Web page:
Consumer sentiment dipped in early March as rising gasoline prices pushed Americans' inflation expectations for the next year higher, a survey released on Friday showed.
The Thomson Reuters/University of Michigan's preliminary reading on the overall index on consumer sentiment slipped to 74.3 from 75.3 in February, shy of economists' forecasts for a gain to 76.0.
Even so, consumers did not expect the run-up in gasoline prices to last very long and anticipated further gains in employment this year.
"Overall, the data indicate that $4 gasoline has lost its shock value, although the drain on discretionary income will still affect spending, mostly among lower income households," survey director Richard Curtin said in a statement.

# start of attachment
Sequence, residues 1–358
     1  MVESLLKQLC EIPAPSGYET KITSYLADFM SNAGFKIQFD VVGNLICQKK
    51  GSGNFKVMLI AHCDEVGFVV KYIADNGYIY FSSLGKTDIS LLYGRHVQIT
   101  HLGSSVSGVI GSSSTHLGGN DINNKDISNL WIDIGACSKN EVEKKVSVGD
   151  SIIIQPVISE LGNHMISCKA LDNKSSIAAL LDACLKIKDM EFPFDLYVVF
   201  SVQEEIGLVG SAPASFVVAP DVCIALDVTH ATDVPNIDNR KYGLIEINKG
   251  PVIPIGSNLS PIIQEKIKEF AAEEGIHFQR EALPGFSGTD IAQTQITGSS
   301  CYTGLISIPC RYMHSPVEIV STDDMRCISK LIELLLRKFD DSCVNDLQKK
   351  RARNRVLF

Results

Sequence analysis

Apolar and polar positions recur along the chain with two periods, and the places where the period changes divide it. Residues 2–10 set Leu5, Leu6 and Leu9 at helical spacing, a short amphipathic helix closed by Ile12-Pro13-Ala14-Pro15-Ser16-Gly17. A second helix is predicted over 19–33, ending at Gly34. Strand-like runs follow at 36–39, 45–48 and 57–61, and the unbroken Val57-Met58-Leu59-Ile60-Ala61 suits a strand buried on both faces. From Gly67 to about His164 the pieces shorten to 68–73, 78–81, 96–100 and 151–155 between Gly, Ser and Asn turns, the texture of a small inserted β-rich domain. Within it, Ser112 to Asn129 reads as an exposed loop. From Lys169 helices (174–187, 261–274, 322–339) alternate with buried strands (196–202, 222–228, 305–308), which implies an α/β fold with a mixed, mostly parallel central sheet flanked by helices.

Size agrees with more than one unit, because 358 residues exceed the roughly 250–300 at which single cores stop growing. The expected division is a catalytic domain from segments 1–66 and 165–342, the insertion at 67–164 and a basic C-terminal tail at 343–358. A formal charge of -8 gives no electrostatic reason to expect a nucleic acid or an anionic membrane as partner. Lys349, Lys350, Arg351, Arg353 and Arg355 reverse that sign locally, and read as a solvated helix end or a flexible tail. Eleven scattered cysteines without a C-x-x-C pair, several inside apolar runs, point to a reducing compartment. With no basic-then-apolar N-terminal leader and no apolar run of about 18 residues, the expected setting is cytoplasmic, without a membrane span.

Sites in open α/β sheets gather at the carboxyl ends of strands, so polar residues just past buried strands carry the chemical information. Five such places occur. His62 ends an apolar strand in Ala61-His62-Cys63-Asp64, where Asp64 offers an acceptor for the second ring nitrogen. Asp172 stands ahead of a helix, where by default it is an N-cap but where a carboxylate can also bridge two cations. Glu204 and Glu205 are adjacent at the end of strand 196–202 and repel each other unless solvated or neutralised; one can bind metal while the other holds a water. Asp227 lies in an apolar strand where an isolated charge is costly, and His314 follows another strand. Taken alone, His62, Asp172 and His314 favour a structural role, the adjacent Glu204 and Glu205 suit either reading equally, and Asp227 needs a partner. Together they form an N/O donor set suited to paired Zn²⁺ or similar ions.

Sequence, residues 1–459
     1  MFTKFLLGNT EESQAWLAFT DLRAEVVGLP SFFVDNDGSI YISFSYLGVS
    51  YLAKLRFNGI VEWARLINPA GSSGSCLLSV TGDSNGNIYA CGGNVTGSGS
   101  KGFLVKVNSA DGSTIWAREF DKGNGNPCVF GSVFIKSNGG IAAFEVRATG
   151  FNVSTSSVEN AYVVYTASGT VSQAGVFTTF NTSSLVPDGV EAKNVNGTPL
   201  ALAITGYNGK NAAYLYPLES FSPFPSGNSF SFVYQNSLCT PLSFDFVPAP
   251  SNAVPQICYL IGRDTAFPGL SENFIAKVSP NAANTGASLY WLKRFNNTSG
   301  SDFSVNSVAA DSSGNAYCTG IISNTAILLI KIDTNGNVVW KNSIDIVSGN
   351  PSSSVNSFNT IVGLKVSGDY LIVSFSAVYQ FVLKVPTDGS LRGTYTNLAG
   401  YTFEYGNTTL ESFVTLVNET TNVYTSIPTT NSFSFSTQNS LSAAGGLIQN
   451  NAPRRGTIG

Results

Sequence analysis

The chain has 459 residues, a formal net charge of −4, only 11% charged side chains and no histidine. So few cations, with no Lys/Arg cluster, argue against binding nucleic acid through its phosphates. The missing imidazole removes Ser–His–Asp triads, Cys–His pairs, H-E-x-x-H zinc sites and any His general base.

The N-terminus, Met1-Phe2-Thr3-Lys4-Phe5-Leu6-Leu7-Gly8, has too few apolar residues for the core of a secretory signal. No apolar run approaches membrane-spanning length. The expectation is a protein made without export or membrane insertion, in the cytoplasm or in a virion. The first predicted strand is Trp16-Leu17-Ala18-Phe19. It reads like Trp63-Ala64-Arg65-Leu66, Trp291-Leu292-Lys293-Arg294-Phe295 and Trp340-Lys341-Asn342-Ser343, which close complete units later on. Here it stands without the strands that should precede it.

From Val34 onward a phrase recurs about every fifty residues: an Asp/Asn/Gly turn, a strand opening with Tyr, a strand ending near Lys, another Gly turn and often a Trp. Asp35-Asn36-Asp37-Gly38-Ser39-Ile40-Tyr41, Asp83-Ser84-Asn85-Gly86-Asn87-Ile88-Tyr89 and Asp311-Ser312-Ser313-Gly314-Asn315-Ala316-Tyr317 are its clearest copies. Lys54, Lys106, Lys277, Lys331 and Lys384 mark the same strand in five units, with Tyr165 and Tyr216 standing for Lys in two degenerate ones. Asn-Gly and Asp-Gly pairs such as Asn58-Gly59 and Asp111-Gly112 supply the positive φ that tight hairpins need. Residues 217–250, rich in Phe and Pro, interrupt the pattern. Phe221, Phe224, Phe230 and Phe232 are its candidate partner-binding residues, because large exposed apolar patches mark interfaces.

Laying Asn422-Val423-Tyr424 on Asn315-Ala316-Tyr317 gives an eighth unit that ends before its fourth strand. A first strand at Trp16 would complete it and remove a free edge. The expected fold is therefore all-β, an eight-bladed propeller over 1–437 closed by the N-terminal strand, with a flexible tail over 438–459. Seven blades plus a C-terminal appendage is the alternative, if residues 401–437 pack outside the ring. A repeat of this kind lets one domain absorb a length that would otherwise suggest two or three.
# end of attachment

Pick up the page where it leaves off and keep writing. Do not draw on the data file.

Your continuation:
"If gasoline prices approach $5 per gallon, however, a widespread and substantial impact is likely."
The survey's one-year inflation expectation accelerated to its highest level since last May at 4.0 percent from 3.3 percent last month, while the survey's five-to-10-year inflation outlook rose to 3.0 percent from 2.9 percent.
The barometer of current economic conditions edged up to 84.2 from 83.0, while gauge of consumer expectations fell to 68.0 from 70.3.
Reuters contributed to this report.